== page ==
How to get nav to zoom out on scroll


#1

how to get nav to zoom out on scroll.
same as on this site.


#2

Simply - Google the following:

  • scale header on scroll
  • scale navbar on scroll
  • etc.,

You will find plenty of examples and approaches for what you want to accomplish.


#3

This is typically done using Javascript/Jquery to “listen” for the scroll event, and CSS transitions to scale the content. You can probably figure out how it’s done by looking at it through Chrome or Firefox’s inspector.

For example, on the site you posted, the header (the black area) has a class .header, and a second class of .header-top added to it when the scroll happens. This is done through the javascript. The .header class also has a CSS transition: all .3s ease; which causes to the header to gracefully shrink over .3 seconds, rather than just “pop” into the smaller size. The company logo and the navigation also have the same .3 second transition, so they shrink slowly. The navigation menu resizes and moves up by changes in position (top:) and font size. On other pages of the site, the opacity of the header is also changed.

Keep in mind, as a designer, that while having things move, spin and resize on your website looks snazzy, it if doesn’t add to the functionality, branding, or most importantly, user experience, you’re probably better off without it. Any time something moves, it’s one more thing the user’s eyes have to keep track of when they’re already keeping track of the site scrolling by. For some people, this is a distraction.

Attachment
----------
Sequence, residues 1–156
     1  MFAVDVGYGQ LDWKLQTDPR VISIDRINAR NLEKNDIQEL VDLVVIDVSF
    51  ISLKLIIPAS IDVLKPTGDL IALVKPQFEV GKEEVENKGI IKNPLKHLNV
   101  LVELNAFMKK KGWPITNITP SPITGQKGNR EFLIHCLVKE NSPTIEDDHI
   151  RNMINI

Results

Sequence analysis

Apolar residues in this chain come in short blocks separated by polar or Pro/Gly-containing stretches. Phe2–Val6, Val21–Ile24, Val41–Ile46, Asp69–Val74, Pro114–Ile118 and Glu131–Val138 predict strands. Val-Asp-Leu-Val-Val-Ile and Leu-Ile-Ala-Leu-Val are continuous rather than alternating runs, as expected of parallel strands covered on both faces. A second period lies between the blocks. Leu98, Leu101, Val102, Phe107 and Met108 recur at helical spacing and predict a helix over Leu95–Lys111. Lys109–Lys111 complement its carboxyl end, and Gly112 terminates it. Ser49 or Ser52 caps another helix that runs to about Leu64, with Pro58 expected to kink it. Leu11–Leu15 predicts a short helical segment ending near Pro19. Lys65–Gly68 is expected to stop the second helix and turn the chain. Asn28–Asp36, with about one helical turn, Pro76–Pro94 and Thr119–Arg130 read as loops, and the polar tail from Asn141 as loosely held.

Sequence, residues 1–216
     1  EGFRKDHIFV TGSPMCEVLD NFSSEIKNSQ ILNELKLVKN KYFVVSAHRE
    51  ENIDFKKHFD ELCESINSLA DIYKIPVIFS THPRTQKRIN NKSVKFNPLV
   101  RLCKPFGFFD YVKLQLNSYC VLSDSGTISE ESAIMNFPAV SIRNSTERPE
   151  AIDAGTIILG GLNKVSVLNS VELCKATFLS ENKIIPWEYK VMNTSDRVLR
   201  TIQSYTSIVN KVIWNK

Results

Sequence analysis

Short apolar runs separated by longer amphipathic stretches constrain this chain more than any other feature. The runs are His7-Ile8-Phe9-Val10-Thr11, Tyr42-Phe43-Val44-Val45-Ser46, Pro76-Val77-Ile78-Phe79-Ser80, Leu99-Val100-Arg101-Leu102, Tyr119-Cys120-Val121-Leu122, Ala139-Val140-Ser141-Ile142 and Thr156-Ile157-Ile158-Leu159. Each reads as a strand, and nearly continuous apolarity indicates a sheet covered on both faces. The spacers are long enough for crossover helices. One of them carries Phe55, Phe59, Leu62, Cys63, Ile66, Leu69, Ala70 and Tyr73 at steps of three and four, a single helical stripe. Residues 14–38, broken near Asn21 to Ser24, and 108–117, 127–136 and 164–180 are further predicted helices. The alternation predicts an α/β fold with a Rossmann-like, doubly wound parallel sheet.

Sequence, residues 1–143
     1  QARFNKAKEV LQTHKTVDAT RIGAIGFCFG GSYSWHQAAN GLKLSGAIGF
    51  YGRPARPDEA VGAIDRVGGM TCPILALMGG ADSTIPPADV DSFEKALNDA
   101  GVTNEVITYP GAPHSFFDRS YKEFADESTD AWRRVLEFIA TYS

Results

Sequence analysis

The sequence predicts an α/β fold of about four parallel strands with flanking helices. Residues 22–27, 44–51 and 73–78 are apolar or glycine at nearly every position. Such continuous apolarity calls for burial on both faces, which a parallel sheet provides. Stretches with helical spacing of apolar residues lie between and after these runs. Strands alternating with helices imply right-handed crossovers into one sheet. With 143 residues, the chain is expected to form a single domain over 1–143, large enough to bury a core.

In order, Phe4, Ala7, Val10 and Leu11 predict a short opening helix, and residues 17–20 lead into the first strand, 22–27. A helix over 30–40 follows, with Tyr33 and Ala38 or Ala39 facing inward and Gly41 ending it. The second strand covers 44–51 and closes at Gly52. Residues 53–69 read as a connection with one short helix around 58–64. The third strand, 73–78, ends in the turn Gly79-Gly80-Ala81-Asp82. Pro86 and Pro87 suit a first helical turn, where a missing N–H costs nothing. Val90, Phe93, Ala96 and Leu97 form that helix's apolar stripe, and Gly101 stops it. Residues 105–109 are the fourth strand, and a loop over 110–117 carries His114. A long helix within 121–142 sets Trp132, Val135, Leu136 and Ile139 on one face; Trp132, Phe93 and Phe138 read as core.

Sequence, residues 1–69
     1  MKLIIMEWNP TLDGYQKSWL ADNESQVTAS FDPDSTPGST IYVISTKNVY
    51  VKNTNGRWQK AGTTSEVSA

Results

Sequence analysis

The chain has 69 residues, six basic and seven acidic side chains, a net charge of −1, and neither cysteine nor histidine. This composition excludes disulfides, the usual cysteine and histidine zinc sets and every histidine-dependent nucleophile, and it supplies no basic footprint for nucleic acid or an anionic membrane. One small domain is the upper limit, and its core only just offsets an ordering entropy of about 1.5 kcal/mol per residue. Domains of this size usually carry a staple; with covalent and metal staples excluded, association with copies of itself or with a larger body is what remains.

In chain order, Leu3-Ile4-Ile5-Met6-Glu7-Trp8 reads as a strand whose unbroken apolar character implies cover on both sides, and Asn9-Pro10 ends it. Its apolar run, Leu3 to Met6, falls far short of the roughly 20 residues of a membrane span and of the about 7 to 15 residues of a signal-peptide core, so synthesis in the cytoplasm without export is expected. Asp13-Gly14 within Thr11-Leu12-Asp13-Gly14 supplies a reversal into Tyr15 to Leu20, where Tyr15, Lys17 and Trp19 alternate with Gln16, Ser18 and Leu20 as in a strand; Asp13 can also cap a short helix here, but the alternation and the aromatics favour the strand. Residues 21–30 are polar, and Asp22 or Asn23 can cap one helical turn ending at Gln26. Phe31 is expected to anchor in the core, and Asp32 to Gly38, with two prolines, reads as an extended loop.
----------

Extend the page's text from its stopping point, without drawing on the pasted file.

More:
So on your sample site, the main advantage I can see to having a larger header initially is that the logo is bigger, which lets people clearly know they’re on THIS company’s website. I like this, because too many Bootstrap templates force people to shrink their logos very small.

The advantage of a smaller logo is of course, more screen real estate for content. So to me, this animated shrinking header is a good solution to allow both a larger logo, and more space for content. I like it. I also like the fact that the header with the navigation “sticks” to the top, so that the person doesn’t have to scroll back up to move to a new page. It relieve one of having to duplicate the navigation in the footer, though there are still good reason to have links in the footer to other parts of the site that a user may want to explore after reading the page content.


#4

Something I stumbled across that should get you headed in the right direction…


#5

The reason I merely suggested the Google search query above, is by doing so they would find everything needed to understand and accomplish the task. From written and video tutorials, codepen examples, detailed stackoverflow answers, links to working jsfiddles, etc., :wink: